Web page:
6 Ways to Get a Google Product Manager Interview
March 26th, 2016 by lewisTweet
Google product managers (PMs) are an elite and successful group. Here are the six signs that indicate you have a great chance of getting in:
Go to a Top University and Major in Computer Science
Review the LinkedIn profiles of current Google PMs , and you’ll find several common themes:
- UC Berkeley
- Ivy League schools, including Harvard and Yale
- Computer science
This is not to say that those who don’t go to a particular school or major in computer science can’t be PMs. However, Google does get thousands of resumes for its PM program. Going to a top school and majoring in computer science can’t hurt your chances of getting an interview.
Have a Track Record of Entrepreneurship
There’s a prevailing sentiment that if Google PMs weren’t working at Google, they’d start their own company. Thus, it’s no surprise that many Google PMs have demonstrated entrepreneurial experience either during or before college.
Entrepreneurial experience doesn’t have to be a software start-up or a profitable small business. Instead, it can also be any extracurricular activity that showcases your intellectual curiosity, flawless execution, and propensity for achievement.
Some entrepreneurial examples include contributions to an open-source movement, completing a successful Kickstarter campaign, or creating a popular smartphone app.
Have Teaching Experience
Many Google PMs are former teaching assistants (TAs) for their university’s computer science courses. Marissa Mayer, widely known as the caretaker of Google’s PM program, was the head teaching assistant for my CS 106 course at Stanford. Google continues to tap CS 106 section leaders as potential PM candidates. Why are former TAs attractive PM candidates? Excellent communication skills and technical mastery.
Get Referred into Google
The most effective way to get an PM interview? Get an existing Googler to refer you. Your resume will make it to top of the recruiter’s review stack. And within 1–2 weeks, you’ll likely get a call for a phone interview.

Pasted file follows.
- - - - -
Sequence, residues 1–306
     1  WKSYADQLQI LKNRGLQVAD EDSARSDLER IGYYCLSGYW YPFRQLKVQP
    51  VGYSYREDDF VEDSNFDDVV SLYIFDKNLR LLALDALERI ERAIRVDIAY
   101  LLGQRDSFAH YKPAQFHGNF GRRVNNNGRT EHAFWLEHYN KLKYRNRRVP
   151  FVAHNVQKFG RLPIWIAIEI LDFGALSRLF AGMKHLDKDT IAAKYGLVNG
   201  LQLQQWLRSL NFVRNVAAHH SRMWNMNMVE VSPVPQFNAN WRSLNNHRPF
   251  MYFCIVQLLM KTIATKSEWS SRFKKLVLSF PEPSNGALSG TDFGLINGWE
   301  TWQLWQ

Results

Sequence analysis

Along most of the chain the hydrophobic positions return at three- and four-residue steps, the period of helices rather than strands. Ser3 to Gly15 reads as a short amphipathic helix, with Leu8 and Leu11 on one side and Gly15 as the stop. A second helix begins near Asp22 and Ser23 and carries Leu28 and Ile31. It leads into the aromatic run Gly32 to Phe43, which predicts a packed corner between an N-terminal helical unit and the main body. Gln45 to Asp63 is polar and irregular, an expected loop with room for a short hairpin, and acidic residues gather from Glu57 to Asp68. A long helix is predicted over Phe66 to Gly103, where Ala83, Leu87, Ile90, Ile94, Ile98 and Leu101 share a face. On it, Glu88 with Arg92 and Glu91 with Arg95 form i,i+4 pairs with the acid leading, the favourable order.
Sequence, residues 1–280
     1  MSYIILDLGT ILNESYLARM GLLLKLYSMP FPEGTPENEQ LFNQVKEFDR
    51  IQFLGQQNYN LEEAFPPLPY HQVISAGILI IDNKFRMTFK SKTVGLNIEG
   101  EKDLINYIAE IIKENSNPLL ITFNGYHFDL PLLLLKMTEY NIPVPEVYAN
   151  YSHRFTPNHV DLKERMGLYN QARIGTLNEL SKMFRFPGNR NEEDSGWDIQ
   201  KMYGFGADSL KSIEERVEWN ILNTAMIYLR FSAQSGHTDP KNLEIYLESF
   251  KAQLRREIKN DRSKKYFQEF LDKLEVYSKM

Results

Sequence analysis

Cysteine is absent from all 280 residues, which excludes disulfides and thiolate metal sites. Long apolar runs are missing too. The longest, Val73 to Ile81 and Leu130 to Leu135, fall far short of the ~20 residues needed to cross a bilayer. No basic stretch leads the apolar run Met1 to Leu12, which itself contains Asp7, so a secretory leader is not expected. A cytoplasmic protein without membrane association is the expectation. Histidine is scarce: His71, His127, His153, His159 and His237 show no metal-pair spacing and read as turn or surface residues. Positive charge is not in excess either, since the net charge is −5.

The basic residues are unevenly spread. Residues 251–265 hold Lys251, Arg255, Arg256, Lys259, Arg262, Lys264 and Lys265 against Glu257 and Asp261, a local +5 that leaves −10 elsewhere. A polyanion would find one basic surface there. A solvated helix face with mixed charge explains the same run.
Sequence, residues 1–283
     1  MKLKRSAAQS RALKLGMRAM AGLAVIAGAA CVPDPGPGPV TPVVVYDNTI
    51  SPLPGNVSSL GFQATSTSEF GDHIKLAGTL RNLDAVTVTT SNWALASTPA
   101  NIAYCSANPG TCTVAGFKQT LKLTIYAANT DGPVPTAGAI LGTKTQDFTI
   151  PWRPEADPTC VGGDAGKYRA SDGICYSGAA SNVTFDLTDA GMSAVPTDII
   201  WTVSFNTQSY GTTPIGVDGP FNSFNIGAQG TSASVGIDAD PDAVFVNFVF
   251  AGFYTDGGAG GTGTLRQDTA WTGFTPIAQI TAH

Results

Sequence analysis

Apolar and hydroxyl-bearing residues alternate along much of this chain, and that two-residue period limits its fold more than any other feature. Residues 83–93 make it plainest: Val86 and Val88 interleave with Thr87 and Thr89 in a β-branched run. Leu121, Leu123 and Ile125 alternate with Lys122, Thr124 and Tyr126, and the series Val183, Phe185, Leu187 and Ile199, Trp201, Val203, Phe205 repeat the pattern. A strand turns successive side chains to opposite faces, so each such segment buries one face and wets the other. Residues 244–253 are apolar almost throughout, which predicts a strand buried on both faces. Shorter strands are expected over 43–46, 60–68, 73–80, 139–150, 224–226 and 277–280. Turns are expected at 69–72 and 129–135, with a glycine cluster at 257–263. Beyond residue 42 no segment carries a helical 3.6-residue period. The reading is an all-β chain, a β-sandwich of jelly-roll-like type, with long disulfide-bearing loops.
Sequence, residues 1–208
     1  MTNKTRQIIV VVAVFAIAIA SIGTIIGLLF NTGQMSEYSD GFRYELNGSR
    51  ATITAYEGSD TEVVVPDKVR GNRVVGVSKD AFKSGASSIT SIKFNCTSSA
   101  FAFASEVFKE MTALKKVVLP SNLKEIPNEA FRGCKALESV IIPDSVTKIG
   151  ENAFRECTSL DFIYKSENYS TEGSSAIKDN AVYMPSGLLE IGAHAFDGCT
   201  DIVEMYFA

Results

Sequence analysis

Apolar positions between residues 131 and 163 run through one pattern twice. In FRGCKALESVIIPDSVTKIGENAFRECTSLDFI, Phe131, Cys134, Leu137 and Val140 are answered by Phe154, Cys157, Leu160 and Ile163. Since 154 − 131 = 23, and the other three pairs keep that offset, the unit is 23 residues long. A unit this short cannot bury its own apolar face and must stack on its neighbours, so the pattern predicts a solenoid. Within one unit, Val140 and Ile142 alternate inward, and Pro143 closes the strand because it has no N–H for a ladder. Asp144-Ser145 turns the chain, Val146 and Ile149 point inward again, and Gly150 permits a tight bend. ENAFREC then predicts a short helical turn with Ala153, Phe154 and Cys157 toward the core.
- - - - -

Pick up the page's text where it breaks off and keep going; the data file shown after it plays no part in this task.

Why? It’s the similarity principle. A+ PMs are friends with A+ candidates. You can take your chances by submitting your resume online, but you’ll have to compete with thousands of unsolicited submissions.
And no need to be bashful about getting a referral. Google has a generous referral fee for employees that land top candidates. So bug your friend, have them submit your resume, get hired, and have them take you to a nice non-Google lunch after they get the referral bonus.
Show Passion for Google and the PM program
It doesn’t matter if it’s Google or another company, hiring managers want employees who dedicate themselves to the job and give 120%.
Why? It’s a lot of work for managers to prod employees to do their work, take initiative, and / or think outside of the box. Managers pray for candidates who are just rockstars — without constant nudging. Most rock stars are those who are passionate about the company they work for and the work that they do — every single day. What’s the best way to do this? Give your 120% even before you get the job. If you can code, write an Android app using the Google Maps API. If you can’t or don’t have time to code, do a product teardown and offer recommendations on how to improve it. Just imagine sharing your pre-interview homework at the interview. I’d be impressed. And there will be less time for those pesky Google Interview Questions.
Prepare for the Google Interview
There’s no way you can opt out of the interview, unfortunately. And the interview is tough. You’ll get hypothetical case questions used to assess your skills in product design, analytics, and technical. For more information on what to expect at the Google PM interview and how to prepare, refer to this article: How to Prepare for the Google Product Manager Interview.
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